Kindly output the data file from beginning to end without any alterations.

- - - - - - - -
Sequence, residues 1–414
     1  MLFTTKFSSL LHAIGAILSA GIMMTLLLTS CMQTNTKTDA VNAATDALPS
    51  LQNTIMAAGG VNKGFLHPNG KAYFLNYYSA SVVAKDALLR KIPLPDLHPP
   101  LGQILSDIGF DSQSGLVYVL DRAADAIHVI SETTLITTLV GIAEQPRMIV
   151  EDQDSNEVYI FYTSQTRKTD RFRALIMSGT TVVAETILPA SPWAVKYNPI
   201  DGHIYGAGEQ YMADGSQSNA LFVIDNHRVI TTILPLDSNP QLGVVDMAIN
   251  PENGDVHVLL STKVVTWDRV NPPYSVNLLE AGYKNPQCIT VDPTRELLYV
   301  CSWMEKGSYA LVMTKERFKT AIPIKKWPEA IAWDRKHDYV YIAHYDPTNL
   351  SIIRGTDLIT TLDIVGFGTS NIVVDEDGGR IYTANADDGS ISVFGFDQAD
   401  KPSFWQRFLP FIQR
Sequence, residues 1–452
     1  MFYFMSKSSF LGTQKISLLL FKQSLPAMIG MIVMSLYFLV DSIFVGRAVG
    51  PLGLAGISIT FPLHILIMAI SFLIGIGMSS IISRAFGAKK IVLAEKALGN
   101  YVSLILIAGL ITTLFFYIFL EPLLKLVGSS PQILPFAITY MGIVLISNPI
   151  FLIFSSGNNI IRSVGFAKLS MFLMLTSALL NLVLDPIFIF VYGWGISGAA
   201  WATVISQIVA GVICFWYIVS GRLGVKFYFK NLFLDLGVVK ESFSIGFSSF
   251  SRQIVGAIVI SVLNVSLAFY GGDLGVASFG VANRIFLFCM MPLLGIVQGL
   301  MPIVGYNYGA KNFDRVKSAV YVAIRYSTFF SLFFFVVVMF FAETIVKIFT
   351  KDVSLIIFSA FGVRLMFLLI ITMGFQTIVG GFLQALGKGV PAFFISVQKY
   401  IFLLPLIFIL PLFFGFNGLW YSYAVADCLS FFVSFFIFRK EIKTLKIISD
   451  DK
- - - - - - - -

Sequence, residues 1–414
     1  MLFTTKFSSL LHAIGAILSA GIMMTLLLTS CMQTNTKTDA VNAATDALPS
    51  LQNTIMAAGG VNKGFLHPNG KAYFLNYYSA SVVAKDALLR KIPLPDLHPP
   101  LGQILSDIGF DSQSGLVYVL DRAADAIHVI SETTLITTLV GIAEQPRMIV
   151  EDQDSNEVYI FYTSQTRKTD RFRALIMSGT TVVAETILPA SPWAVKYNPI
   201  DGHIYGAGEQ YMADGSQSNA LFVIDNHRVI TTILPLDSNP QLGVVDMAIN
   251  PENGDVHVLL STKVVTWDRV NPPYSVNLLE AGYKNPQCIT VDPTRELLYV
   301  CSWMEKGSYA LVMTKERFKT AIPIKKWPEA IAWDRKHDYV YIAHYDPTNL
   351  SIIRGTDLIT TLDIVGFGTS NIVVDEDGGR IYTANADDGS ISVFGFDQAD
   401  KPSFWQRFLP FIQR
Sequence, residues 1–452
     1  MFYFMSKSSF LGTQKISLLL FKQSLPAMIG MIVMSLYFLV DSIFVGRAVG
    51  PLGLAGISIT FPLHILIMAI SFLIGIGMSS IISRAFGAKK IVLAEKALGN
   101  YVSLILIAGL ITTLFFYIFL EPLLKLVGSS PQILPFAITY MGIVLISNPI
   151  FLIFSSGNNI IRSVGFAKLS MFLMLTSALL NLVLDPIFIF VYGWGISGAA
   201  WATVISQIVA GVICFWYIVS GRLGVKFYFK NLFLDLGVVK ESFSIGFSSF
   251  SRQIVGAIVI SVLNVSLAFY GGDLGVASFG VANRIFLFCM MPLLGIVQGL
   301  MPIVGYNYGA KNFDRVKSAV YVAIRYSTFF SLFFFVVVMF FAETIVKIFT
   351  KDVSLIIFSA FGVRLMFLLI ITMGFQTIVG GFLQALGKGV PAFFISVQKY
   401  IFLLPLIFIL PLFFGFNGLW YSYAVADCLS FFVSFFIFRK EIKTLKIISD
   451  DK